Be sure to check out our latest version of this post updated for 2017!
While no one gets sick of skiing powder, when March rolls around our thoughts turn to bigger objectives – couloirs, steep faces, complicated high routes. And who can blame us, with the Sawtooth Range as our backyard.
Folks registering for our spring Ski Mountaineering Camps at the Williams Peak Hut always ask what gear they need. After all, ski mountaineering is a gear intensive activity. Although we provide a detailed equipment list, they specifically want to know what gear we use and recommend. So here you go…
We’ll start with the basics, then move on the more exciting stuff! First, skis.
Skis put the “ski” in ski mountaineering. Although most garden variety alpine touring and tele setups will work, if you get serious about ski mountaineering you’ll eventually gravitate towards something more specialized. But ask each of our guides what ski they prefer for steeper, technical skiing and you’ll get as many answers. But there are some rules of thumb.
- Width: 90-100mm is a great middle ground. Go narrower and you’ll sacrifice performance and fun in softer snow, go wider and firm snow becomes difficult and the weight increases.
- Length: Don’t be afraid to go a little shorter…they’re easier (and therefore safer) to ski on steep, technical descents, are lighter, and less obtrusive on your pack.
- Sidecut: Too much sidecut makes for a squirelly ski when jump turning.
- Design: Conservative is good. A bit of tip rocker is nice, but look for straightish tails – makes it easy to jam your skis in so they don’t take off without you, and also useful for building snow anchors.
Again, there are countless good ski mo planks out there, but the K2 Coomback is a time-tested classic. Reasonably light, great all around dimensions, straight tails, and a lightly rockered tip.
Ok, boots are something most of our guides can agree on. We have at least four guides using the carbon-cuffed Dynafit TLT5’s. These boots are one of the reasons “game changer” has become a cliche buzzword.
Most ski mountaineering, especially in the Sawtooths, entails a substantial approach followed by a challenging descent. The TLT5’s handle both with aplomb. Super light with ridiculous cuff articulation (see the photo, your ankle is the limiting factor), they make any approach easier. But pop in the removable tongue and they transform into a reasonably stiff ski boot that can handle aggressive terrain. Mine have close to 200 days on them and while they’re beginning to show a little slop and I replaced the stock liner, they’re not dead yet! Durability has been impressive, which is a good thing given their cost.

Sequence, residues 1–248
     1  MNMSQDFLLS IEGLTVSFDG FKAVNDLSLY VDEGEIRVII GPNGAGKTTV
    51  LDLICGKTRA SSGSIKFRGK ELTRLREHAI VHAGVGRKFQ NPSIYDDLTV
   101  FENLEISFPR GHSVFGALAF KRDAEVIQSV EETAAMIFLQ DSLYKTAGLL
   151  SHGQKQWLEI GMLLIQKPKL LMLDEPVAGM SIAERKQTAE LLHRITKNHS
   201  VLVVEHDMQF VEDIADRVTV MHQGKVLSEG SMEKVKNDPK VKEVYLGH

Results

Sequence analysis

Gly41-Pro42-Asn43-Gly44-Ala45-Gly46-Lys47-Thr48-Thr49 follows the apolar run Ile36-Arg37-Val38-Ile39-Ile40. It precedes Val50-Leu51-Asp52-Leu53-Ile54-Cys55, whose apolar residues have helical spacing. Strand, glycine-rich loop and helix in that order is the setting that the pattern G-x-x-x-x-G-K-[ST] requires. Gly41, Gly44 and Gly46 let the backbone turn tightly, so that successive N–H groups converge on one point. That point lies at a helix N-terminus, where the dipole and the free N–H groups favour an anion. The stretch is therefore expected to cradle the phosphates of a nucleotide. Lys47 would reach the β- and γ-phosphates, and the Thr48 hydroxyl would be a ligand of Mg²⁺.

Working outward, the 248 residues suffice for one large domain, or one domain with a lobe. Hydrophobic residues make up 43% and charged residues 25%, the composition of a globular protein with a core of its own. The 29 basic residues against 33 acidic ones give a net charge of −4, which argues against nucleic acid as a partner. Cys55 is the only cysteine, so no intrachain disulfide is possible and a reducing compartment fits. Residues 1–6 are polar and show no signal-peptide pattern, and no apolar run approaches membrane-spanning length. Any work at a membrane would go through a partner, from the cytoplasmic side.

One often overlooked item are ski crampons. When you need them, you really need them. They’re super useful for skinning on frozen spring snow or hard wind hammered surfaces. Contrary to popular belief, they’re not for going straight up slopes but rather help you keep your edge while traversing or switchbacking firm snow on skins. Most bindings nowadays have specific ski crampons, but Voile sells a universal set that will work on any ski. Pictured above are two crampons made for Dynafit bindings – the ones on the left are made by B and D Ski Gear, and those on the right are made by Dynafit. The B and D crampons are cheaper and more readily available, while the Dynafits are lighter.
Protecting your noggin is always a good thing, and in ski mountaineering situations there are more things conspiring against cranial safety. Whether it’s rocks falling down a couloir, or you falling down a couloir, helmets are standard issue for technical skiing. The jury is still out on whether to use a ski or climbing helmet for ski mountaineering, and I tend to go back and forth. Ski helmets are heavier and less ventilated (i.e. hotter on the climb), but are more comfortable for skiing and interface better with goggles. The Smith Maze is the lightest ski helmet that I know of, weighing only 11oz. A climbing helmet is lighter and cooler, but I personally find them to be less comfortable and good luck with your goggles.